I enjoyed your blog entry on researching a novel. It offers easy to follow models for making the best of research as well as an enticing tale of your personal research journey. Research is one of my favorite parts of writing. Fortunately, I’ve been able to learn about topics I am interested in personally, so it’s fun.

    • March 17, 2014 12:35 PM

      I hear what you’re saying, Judy. I love research to the point of procrastination. Thanks for stopping by. Have a great St. Patrick’s Day!

  5. March 17, 2014 11:30 AM

    Great Interview. I find research a treasure trove of ideas. Thanks

    • March 17, 2014 12:36 PM

      Hi Louise, I’m with you. Research is like a treasure hunt, and so much fun. Glad you stopped by. Happy St. Patrick’s Day.

  6. Marian Fox permalink
    March 17, 2014 11:46 AM

    Thank you, Loretta, for your generosity in sharing your expertise about the research that goes into novel writing and “keeping it believable.” I’m looking forward to reading “The Witching Moon.”

    • March 17, 2014 12:37 PM

      Hi Marian, I always enjoy reading your comments. Thanks for your continued support.

  7. Katherine Smits permalink
    March 17, 2014 2:01 PM

    HI Loretta, I loved “The Witching Moon”. The research supports the story but doesn’t get in the way. I enjoyed your post very much. Thank you for sharing your expertise.

    • March 17, 2014 6:08 PM

      Hi Katherine, I’m so happy you enjoyed “The Witching Moon.” It was an interesting book to write. I’m glad you found the post interesting.

  8. March 17, 2014 2:17 PM

    Hi Loretta, You outdid yourself on this one. Loved the way you weaved together your specialty genres. Your characters sound luscious from the start! Best, Ronnie

    • March 17, 2014 6:09 PM

      I appreciate you dropping by and leaving a comment, Ronnie, especially since we’ve had stormy weather all day. I always fall in love with my characters–even the bad guys ;p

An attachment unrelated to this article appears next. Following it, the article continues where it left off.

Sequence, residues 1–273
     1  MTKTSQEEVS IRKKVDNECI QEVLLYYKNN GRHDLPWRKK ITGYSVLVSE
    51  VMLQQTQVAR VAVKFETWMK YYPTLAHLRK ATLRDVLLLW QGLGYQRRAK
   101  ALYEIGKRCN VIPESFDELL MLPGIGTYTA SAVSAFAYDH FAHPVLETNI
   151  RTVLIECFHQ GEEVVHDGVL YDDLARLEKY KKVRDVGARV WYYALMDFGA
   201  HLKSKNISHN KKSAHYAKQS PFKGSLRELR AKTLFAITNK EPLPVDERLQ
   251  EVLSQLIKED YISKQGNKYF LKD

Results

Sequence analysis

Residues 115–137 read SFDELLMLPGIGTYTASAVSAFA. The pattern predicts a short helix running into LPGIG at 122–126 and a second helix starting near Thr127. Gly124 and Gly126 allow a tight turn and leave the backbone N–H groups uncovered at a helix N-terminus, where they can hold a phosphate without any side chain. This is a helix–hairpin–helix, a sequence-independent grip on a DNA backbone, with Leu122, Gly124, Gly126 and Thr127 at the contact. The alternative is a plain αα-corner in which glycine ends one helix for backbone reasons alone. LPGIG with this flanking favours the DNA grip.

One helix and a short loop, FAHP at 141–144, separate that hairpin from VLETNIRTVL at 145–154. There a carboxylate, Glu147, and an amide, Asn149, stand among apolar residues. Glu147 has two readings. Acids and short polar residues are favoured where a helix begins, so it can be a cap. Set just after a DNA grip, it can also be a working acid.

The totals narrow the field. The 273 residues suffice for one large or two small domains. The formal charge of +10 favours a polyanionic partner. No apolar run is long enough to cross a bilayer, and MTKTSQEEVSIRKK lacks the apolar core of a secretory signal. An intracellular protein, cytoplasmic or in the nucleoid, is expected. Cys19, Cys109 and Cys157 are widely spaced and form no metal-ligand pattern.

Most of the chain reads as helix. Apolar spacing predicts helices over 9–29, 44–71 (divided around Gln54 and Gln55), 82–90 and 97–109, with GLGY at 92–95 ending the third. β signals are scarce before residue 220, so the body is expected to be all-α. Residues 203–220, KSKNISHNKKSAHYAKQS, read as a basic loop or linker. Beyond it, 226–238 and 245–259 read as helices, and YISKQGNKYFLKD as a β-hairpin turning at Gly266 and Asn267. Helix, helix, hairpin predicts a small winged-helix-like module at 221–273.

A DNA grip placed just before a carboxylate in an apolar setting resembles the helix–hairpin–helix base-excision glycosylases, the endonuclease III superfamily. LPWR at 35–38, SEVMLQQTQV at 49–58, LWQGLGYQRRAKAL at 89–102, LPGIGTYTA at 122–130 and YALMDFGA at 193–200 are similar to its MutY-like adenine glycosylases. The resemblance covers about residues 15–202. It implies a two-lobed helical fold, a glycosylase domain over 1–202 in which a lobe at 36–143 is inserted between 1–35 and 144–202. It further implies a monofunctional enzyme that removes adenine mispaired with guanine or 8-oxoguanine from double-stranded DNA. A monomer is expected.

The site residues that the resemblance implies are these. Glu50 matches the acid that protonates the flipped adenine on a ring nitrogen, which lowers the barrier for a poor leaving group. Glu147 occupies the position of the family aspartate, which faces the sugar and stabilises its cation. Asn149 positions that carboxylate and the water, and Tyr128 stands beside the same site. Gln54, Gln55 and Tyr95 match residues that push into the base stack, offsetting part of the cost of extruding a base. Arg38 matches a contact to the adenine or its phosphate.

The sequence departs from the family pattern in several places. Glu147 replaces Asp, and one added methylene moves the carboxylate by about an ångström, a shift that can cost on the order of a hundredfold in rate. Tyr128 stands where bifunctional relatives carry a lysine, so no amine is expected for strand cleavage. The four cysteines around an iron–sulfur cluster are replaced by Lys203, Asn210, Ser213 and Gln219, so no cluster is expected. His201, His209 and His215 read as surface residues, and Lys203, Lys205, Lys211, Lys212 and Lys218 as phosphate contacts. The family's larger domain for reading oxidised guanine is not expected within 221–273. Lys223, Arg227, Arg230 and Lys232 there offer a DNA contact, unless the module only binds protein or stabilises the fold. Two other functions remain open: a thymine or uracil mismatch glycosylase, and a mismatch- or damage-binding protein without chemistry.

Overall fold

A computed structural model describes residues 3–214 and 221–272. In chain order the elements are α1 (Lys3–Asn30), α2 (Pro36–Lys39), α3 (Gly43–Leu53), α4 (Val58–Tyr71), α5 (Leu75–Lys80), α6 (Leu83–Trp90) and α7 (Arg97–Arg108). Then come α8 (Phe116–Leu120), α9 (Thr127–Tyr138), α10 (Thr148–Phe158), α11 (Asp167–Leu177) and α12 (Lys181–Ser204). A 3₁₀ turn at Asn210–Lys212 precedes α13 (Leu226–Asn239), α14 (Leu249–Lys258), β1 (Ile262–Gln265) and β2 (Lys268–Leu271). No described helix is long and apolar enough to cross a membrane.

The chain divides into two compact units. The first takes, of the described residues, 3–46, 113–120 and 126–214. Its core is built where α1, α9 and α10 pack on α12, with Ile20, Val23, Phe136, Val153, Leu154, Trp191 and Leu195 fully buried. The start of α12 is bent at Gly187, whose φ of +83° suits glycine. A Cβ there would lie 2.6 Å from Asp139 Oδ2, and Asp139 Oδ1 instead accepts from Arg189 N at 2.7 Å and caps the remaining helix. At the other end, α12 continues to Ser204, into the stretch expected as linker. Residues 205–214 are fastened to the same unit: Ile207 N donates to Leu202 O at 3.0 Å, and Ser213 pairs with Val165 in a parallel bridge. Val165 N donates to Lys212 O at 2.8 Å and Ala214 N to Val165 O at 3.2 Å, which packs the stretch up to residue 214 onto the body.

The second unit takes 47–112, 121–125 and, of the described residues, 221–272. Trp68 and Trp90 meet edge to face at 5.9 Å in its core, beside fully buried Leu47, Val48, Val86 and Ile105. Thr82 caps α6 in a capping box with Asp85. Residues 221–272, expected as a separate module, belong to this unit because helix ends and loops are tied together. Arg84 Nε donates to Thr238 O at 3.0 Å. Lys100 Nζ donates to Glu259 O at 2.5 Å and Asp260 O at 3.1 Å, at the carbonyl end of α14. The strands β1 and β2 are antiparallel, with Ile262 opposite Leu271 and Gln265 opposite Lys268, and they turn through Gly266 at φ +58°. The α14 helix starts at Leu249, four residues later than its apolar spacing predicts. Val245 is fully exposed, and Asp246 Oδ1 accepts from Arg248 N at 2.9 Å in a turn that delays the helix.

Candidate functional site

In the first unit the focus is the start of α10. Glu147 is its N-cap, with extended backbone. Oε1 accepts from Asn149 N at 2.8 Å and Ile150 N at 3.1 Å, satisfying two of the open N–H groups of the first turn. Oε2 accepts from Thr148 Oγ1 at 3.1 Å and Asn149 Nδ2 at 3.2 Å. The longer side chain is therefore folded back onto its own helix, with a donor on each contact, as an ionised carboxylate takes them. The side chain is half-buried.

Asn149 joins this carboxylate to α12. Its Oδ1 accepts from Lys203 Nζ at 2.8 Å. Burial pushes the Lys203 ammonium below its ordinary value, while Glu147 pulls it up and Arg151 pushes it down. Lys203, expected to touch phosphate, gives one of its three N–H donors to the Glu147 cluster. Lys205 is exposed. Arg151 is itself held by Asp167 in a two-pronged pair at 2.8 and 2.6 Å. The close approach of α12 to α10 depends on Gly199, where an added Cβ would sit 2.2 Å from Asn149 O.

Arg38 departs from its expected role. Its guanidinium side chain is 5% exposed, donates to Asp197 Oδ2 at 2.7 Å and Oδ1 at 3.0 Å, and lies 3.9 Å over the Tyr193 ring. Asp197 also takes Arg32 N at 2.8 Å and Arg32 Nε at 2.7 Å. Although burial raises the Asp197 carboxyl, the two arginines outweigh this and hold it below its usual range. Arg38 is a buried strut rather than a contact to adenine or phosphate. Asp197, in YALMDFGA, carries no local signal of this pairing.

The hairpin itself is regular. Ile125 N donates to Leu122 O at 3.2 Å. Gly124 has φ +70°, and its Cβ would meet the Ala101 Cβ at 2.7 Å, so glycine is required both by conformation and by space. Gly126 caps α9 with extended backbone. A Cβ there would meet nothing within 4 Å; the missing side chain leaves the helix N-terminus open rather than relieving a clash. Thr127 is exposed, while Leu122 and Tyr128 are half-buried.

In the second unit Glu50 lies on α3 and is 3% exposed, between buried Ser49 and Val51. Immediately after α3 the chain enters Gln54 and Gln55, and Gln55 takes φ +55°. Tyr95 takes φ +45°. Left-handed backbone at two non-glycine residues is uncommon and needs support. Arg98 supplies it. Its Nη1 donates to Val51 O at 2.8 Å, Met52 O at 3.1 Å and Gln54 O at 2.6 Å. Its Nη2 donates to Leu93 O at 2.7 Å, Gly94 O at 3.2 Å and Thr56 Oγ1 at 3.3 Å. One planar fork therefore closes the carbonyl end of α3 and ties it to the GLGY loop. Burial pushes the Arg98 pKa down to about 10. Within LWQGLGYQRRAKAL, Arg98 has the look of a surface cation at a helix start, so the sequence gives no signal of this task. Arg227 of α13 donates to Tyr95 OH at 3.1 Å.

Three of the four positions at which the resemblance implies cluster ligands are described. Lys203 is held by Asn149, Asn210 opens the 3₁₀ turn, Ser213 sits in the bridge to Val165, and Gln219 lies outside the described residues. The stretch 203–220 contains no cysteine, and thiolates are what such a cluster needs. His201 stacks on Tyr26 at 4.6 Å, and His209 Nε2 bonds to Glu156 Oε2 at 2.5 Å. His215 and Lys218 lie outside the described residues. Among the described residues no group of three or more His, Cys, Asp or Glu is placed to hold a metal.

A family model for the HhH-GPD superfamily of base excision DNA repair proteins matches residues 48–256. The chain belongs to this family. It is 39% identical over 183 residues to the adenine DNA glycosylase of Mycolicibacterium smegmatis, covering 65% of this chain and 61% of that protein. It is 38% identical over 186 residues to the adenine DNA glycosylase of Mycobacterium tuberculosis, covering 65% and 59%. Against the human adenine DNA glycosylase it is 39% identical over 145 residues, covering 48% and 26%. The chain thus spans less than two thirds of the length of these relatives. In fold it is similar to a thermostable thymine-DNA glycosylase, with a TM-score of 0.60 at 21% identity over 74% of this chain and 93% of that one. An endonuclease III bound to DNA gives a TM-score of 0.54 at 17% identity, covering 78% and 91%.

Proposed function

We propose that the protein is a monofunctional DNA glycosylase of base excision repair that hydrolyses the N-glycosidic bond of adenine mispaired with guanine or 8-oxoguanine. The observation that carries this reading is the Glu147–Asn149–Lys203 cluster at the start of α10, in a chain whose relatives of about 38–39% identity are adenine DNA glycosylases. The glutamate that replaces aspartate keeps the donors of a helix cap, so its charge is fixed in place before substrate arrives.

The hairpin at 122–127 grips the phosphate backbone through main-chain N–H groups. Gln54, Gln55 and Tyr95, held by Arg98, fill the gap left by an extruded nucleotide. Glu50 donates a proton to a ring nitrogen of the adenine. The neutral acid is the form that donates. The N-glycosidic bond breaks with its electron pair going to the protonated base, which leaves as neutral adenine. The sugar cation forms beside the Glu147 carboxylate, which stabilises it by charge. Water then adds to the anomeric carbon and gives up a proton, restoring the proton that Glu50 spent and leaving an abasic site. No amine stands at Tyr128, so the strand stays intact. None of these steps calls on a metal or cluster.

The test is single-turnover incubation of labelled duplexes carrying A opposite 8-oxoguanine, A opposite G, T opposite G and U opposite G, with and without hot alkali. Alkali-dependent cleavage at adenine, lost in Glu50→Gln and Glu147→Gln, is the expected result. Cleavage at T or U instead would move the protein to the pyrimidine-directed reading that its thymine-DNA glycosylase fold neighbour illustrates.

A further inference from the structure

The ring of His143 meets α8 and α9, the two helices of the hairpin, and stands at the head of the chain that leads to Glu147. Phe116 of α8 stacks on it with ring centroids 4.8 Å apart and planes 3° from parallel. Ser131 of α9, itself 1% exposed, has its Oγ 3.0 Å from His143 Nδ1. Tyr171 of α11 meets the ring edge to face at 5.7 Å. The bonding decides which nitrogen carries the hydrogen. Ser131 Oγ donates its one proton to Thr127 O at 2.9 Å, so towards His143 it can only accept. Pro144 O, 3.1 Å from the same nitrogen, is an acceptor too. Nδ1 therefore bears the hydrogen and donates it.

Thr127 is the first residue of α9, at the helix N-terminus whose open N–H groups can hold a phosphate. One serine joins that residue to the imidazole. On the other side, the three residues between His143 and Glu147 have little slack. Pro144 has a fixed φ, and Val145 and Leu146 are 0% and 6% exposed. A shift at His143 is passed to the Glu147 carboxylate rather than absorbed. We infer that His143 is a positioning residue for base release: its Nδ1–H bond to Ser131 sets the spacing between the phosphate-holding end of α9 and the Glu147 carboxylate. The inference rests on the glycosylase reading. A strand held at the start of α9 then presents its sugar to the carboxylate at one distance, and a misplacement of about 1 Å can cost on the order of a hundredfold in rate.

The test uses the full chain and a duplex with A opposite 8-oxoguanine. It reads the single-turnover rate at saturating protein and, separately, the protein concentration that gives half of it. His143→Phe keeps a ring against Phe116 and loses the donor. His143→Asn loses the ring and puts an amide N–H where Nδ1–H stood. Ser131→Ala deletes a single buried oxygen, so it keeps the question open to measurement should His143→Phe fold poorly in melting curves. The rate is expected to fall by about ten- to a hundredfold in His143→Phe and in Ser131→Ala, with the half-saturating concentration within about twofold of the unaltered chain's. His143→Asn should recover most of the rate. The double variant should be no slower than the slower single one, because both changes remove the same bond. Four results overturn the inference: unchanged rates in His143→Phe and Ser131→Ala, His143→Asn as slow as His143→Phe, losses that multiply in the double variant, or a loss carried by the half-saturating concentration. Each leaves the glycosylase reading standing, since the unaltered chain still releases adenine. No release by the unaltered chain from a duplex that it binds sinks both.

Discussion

9. March 17, 2014 4:53 PM

    Loretta, Thanks for telling how much you enjoy the research. I know that the time you spend on this research hasn’t slowed down your production of the story. How you do it is beyond me. In truth, I feel guilty that I have chosen historical periods that require only limited research because they are so far back in the past, or because what is known about the place is limited. At least, that is what I used to think. Actually, the more research I do, the more I realize how much I need to learn. Thanks for showing how the elements of the story required specific searches.

    • March 17, 2014 6:12 PM

      Carol, research is half the enjoyment of writing. Never feel guilty about learning new information. You never know when you’ll need it for another book. Keep writing, and have fun doing it. Thanks for your support.

  10. March 17, 2014 6:43 PM

    The Witching Moon is one of my favorites, and I enjoyed hearing how you went about finding all the information needed to make the novel authentic. Research is an enjoyable aspect of the writing process for me. It’s amazing how little tidbits can be slipped in here and there to enrich the story.

    • March 18, 2014 10:15 AM

      Flossie, so happy you stopped by. I love research. It’s like being a detective and trying to figure out how to fit the clues together to make them work in a novel.

  11. Rhonda Kauffman permalink
    March 18, 2014 8:00 AM

    Thanks for sharing some behind the scene information about how your research. I love that you sprinkle historical tidbits into your fantasy worlds.

    • March 18, 2014 10:17 AM

      I appreciate your kind words, Rhonda. Thanks for stopping by and lending your support.